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PostPosted: Thu May 15, 2008 6:28 am 
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Location: Buena Vista, SK, CA
Over the years I have owned many tables. The best were the Direct Drive and the best of that line were the JVC QL series. 14 inch platter and the computer controlled arm. Tracking force controlled by magnets. Amazing. Why is that important. It's probably not but the theory as I understood it was with a counterweight arm, as it goes up a warp (no matter how mild) the tracking force would increase and then on the downside the force would diminish. The computer control would keep the same weight regardless as it checked it continuously. Makes total sense.
There is a lot of opinions that suspension is important and I agree especially for feedback. Tables like the Rega had none and I feel they suffered from it. When the Rega's were first released I purchased one of the Rega 2's and although very pretty had bad feedback problems.
DD turtables had close to zero for rumble or feedback.
It's amazing in the prime of turntables Direct Drive were the expensive ones and belt drive was entry level. How that has reversed.


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 Post subject: what makes
PostPosted: Thu May 15, 2008 7:08 am 
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Location: Welland, ON, CA
Just recently one of my audio friends purchased a very old Rega 3 table that had an ADS(?)curved tone arm and an old Denon(not 103) MC cartridge this went into the cheap cambridge phono stage and then to an Audible Illusions line stage and an Art Audio Carissa SET amp to some unity(USA) fountain speakers.
We listened to cd thru a Meridian 528 cd player first ,then some vinyl.
What an improvement in sound!
Some in the group have vastly superior turntables etc, I wish we could have compared tables to tables as well.
That's the point.
You usualyy don't have more than just your own table to have opinions about and try to improve.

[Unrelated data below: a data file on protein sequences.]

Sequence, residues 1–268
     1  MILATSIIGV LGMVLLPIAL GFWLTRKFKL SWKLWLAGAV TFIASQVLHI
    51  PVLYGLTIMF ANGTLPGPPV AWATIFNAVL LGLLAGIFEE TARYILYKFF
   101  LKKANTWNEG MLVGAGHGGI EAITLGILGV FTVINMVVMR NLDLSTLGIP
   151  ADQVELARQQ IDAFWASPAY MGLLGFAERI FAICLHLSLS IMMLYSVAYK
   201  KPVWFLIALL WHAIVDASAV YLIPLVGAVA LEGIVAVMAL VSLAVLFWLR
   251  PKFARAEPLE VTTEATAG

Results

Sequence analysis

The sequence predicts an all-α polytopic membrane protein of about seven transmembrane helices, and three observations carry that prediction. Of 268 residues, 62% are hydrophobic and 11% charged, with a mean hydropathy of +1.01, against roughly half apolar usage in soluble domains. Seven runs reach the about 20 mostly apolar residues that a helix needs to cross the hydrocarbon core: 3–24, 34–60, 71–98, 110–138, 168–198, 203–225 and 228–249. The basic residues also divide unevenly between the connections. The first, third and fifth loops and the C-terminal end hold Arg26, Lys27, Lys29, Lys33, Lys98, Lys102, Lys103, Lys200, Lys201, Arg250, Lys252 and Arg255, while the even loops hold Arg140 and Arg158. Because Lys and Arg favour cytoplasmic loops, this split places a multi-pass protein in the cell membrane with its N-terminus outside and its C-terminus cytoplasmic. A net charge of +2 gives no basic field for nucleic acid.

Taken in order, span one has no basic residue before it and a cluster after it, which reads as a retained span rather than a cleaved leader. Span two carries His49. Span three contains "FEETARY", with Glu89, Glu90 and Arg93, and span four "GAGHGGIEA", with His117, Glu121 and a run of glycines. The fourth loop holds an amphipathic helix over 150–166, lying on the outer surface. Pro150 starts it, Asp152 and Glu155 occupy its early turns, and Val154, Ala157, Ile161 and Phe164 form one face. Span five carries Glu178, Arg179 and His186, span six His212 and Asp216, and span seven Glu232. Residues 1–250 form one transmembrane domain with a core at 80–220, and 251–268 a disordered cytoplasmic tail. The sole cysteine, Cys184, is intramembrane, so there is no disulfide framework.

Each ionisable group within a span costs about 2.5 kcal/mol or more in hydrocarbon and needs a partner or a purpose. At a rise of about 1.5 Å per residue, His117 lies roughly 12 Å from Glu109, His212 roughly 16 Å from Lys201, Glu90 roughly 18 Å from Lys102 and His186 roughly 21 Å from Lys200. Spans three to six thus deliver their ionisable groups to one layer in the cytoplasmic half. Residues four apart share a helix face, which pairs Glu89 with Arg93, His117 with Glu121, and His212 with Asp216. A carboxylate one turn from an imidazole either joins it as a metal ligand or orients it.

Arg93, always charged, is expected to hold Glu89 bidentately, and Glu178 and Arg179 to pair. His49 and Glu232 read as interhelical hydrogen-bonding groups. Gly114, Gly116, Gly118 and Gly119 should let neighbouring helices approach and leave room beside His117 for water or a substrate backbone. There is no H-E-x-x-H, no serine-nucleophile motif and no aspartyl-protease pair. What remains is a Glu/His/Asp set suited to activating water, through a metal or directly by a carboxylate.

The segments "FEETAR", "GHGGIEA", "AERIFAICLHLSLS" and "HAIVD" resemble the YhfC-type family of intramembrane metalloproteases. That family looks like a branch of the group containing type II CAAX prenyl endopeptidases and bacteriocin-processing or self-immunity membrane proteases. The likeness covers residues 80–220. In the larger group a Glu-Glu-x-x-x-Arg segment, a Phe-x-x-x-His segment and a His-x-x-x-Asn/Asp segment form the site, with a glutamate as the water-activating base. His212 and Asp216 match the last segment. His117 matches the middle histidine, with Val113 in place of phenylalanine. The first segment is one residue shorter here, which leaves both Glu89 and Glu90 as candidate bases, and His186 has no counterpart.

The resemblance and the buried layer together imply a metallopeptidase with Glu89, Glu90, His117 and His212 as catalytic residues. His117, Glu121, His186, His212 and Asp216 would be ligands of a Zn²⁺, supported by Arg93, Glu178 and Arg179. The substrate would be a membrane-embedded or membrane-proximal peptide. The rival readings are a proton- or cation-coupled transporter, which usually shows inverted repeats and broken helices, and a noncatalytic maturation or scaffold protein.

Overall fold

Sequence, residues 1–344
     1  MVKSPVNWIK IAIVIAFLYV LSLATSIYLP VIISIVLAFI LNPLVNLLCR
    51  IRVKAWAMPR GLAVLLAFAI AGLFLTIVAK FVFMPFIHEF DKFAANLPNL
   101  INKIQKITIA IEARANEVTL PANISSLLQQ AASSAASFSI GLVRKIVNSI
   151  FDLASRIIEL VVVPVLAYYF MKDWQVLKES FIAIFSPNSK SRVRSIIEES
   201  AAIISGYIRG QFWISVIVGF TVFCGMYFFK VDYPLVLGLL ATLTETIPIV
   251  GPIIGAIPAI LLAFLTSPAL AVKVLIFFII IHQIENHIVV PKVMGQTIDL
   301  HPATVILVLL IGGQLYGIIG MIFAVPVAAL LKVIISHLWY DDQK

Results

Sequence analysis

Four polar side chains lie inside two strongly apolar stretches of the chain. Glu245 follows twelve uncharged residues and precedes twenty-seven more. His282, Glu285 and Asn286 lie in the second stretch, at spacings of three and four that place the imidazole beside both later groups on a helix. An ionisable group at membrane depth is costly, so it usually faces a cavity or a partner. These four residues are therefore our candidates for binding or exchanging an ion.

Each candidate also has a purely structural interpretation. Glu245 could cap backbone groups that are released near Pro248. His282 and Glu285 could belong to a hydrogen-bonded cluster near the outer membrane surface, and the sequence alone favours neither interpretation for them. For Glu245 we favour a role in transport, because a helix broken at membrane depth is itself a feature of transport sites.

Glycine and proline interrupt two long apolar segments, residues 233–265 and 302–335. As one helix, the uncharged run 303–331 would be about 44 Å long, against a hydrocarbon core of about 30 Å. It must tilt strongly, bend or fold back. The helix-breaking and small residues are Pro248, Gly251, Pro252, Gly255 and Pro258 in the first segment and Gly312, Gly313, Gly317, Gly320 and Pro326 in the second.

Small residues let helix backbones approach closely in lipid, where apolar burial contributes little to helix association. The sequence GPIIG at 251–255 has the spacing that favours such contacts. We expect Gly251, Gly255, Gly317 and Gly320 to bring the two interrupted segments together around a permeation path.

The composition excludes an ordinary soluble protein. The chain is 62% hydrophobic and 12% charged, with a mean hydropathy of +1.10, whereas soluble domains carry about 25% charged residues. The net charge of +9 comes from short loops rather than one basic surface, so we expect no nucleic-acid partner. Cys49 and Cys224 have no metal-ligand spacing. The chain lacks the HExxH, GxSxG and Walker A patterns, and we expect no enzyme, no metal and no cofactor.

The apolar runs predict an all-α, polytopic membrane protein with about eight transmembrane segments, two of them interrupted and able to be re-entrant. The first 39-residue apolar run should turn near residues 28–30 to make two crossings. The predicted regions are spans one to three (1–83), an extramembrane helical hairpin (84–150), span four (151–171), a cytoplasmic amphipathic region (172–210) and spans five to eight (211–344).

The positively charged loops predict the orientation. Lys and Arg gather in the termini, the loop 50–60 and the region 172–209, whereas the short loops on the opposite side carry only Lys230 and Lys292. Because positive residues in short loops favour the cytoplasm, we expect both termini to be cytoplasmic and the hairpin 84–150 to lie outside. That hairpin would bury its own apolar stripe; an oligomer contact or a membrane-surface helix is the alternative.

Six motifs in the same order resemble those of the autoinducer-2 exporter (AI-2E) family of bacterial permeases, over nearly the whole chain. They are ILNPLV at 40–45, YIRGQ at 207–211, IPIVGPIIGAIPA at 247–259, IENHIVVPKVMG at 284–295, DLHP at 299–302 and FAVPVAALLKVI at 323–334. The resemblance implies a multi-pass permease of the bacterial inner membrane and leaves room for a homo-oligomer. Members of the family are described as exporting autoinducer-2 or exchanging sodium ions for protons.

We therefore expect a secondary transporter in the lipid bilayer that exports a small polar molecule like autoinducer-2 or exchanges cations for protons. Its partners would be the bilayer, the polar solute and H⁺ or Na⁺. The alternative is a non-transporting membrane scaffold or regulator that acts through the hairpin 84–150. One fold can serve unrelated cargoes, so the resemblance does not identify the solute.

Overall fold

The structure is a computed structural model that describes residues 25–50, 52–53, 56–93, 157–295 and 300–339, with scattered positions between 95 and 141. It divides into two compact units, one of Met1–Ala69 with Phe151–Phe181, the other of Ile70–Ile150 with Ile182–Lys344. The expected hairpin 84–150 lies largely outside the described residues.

You may start to wish there was something you could improve about your vinyl set up, so you swap arms cartridges, etc.
Or you trade it all for something else and all it's foibles and start the process again.
I was almost going to go the new turntable route but stopped.
How would I know if the table I was getting is any better than what I have without comparing the two?
Sure there would be differences, but would I grow tired of them over time?
I have sold some pretty impressive vinyl set ups in the past and regretted it over time, as the cost of the best gear is now prohibitive.
As I sit and enjoy my vinyl replay, I wonder how much better it would have sounded on some of the other tables and arms that I had.
Oh well at least I still have the same FR cartridge.
I think the quality of the phono stages available now are the real reason vinyl sounds so good.
I know that is the case with my Sutherland and in my friends system, his Clearaudio at it's price is pretty hard to fault.
I don't think we would have enjoyed his first generation Rega(sans Rega arm)in anything from that time period.


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PostPosted: Thu May 15, 2008 7:31 am 
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Location: Nanaimo, BC, CA
Cardas Wire. :wink: